For 24 years, Väsen has been creating a river of acoustic music that has one foot in the Swedish folk music tradition and the other firmly planted in innovation and collaboration.
The Del Norte Association for Cultural Awareness will present the trio in concert at 7:30 p.m. Tuesday in Crescent Elk Auditorium.
“People who love Celtic or classical music will quite soon find their way into our music,” said founding member Olav Johansson in a recent interview from his home in Uppsala, Sweden.
Johansson plays the unique nyckelharpa, which dates to the 14th century and can be described as a long fiddle with keys along one side. The other talented musicians comprising Väsen are Mikael Marin on the 5-string viola and Roger Tallroth on 12-string. Together, “we are working hard to sound like an orchestra,” noted Johansson playfully, “we do have a lot of strings.
He also noted how, over the years, each member of the group has established certain roles.
“I carry the melody,” he said, “and can make quite a racket!” Guitarist Tallroth “has created his own tuning using only A and D, which gives him a huge range” and sometimes plays bass and sometimes melody. Martin “fills in the spaces; he improvises and creates second voices.”
It all started when Johansson picked up a nyckelharpa at age 14. Until then, he had dabbled in playing recorder, piano and guitar, but “was not caught by them,” he said. The nyckelharpa was different. Loaned to his mother and him by a maternal uncle, Johansson was soon smitten with it, and his mother ended up buying him one. By 1990, he had become World Champion of both the modern chromatic and the older, historical nyckelharpa.
In describing playing a nyckelharpa, which hangs around his neck, Johansson has his right hand on a short bow, “so I don’t poke my eyes out,” he said. He “stops” the strings with his left hand, noting that there is one row of keys per each of three melody strings. There are also sympathetic strings not touched by the bow, that “ring along with the melody strings ... creating a sound that is rich in overtones.” When he presses on a key with his left hand, “a wooden peg acts as a fret from the side and stops the string.”
In a story that has become a Väsen legend, Johansson was attending a winter market in the mountains of Norway. He noted he was staying in a house where Tallroth was also in residence, and one day invited the 12-string guitarist to play music with him. Tallroth declined — he was off to use the shower — but fortunately the shower was occupied, and so he returned with his guitar.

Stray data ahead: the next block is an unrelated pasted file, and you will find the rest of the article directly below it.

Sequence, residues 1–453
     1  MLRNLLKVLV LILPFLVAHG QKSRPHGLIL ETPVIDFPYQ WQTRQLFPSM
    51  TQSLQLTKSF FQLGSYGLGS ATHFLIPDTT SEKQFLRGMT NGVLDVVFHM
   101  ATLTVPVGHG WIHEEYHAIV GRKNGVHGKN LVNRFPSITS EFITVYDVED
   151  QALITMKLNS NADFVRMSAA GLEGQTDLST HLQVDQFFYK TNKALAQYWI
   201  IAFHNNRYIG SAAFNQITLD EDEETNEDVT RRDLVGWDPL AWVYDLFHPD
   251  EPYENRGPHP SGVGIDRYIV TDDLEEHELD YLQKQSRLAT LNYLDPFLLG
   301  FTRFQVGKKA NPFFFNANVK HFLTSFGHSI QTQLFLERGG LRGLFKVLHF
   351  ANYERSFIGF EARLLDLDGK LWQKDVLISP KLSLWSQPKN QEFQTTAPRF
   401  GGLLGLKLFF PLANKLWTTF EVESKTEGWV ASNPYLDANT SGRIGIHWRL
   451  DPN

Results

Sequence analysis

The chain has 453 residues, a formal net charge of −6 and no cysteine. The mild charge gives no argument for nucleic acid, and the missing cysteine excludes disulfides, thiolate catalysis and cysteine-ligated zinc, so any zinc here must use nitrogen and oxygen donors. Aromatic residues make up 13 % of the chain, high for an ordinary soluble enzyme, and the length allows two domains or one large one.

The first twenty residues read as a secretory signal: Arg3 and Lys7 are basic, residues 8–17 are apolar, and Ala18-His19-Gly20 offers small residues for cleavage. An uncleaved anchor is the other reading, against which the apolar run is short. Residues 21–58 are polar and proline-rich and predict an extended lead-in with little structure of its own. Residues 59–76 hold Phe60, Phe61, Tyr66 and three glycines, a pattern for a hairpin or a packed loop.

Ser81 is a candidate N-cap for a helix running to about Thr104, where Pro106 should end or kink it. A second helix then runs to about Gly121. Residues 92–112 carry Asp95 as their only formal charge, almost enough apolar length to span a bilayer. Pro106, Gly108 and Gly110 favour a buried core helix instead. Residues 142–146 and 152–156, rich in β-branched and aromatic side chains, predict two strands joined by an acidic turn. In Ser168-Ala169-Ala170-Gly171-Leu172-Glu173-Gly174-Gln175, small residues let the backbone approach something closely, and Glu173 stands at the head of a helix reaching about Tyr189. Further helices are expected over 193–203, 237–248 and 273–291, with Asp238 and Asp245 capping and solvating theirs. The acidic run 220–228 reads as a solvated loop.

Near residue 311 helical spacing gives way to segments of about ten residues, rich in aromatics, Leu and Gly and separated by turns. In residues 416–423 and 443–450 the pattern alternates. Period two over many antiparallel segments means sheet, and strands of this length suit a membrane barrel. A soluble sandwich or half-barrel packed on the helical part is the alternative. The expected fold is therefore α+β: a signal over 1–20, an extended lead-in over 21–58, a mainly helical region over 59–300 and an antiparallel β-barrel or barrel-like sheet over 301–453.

“We ended up playing music for hours,” said Johansson. One person witnessing this pivotal jam session was Olle Paulsson, who promised to start a record label if they would be willing to record an album together, and thus Drone music was born: the company that released the trio’s first two CDs.
The addition of Tallroth’s guitar added a twist to the essentially traditional Swedish folk music duet of fiddle/nyckelharpa, and there was originally some resistance to the concept. Yet it was the guitar chordings and rhythms that attracted an entirely new audience for the trio, along with an international reputation.
Väsen has performed on National Public Radio several times, toured the world several times over and has no less than 16 albums to its credit. The trio’s most recent release coincides with winning the No. 1 slot in the 2013 World Music Torchbearer Awards on About.com.
“The Swedish acoustic power-trad trio Väsen is, in this critic’s opinion, one of the finest bands in the world, regardless of genre, and apparently my readers and Väsen’s loyal fans agree with me heartily. The band’s gorgeous, sweeping acoustic melodies are represented well on their latest CD, Mindset,” said Megan Romer.
“Väsen treads an enchanted territory between classical, folk and pop,” noted the Utne Reader. “The sound may be traditional, but the attitude is completely modern, mixing up the ideas of folk, the virtuosity of prog(ressive), and the humor of the insane asylum into a cuisinart of acoustic bliss,” lauded Wired magazine.
“There’s a rumor among musicians that these guys are the best band in the world,” said fiddler Darol Anger, “...It’s no joke.”
Tickets cost $18 general, $15 for seniors 65 and older and $12 for full-time students, K-college, and are available at Del Norte Office Supply in Crescent City, Wright’s Custom Framing in Brookings, and at the door at 6:45 p.m. the night of the show.
For more information, contact DNACA at (707) 464-1336 or visit www.dnaca.net.